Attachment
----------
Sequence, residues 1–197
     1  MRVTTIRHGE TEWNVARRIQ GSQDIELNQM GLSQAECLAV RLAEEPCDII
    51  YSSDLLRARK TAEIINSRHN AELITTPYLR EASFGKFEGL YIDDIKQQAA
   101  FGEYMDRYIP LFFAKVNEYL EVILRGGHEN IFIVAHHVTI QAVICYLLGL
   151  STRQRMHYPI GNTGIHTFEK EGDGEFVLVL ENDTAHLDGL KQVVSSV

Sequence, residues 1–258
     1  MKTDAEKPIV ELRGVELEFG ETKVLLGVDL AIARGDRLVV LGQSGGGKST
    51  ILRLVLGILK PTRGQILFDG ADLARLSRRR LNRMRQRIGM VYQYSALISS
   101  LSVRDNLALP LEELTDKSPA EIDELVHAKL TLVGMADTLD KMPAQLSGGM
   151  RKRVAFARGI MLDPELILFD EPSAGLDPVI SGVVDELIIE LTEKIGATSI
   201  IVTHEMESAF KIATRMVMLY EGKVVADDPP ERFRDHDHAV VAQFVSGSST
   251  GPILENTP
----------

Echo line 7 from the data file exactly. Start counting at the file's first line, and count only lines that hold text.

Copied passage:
     1  MKTDAEKPIV ELRGVELEFG ETKVLLGVDL AIARGDRLVV LGQSGGGKST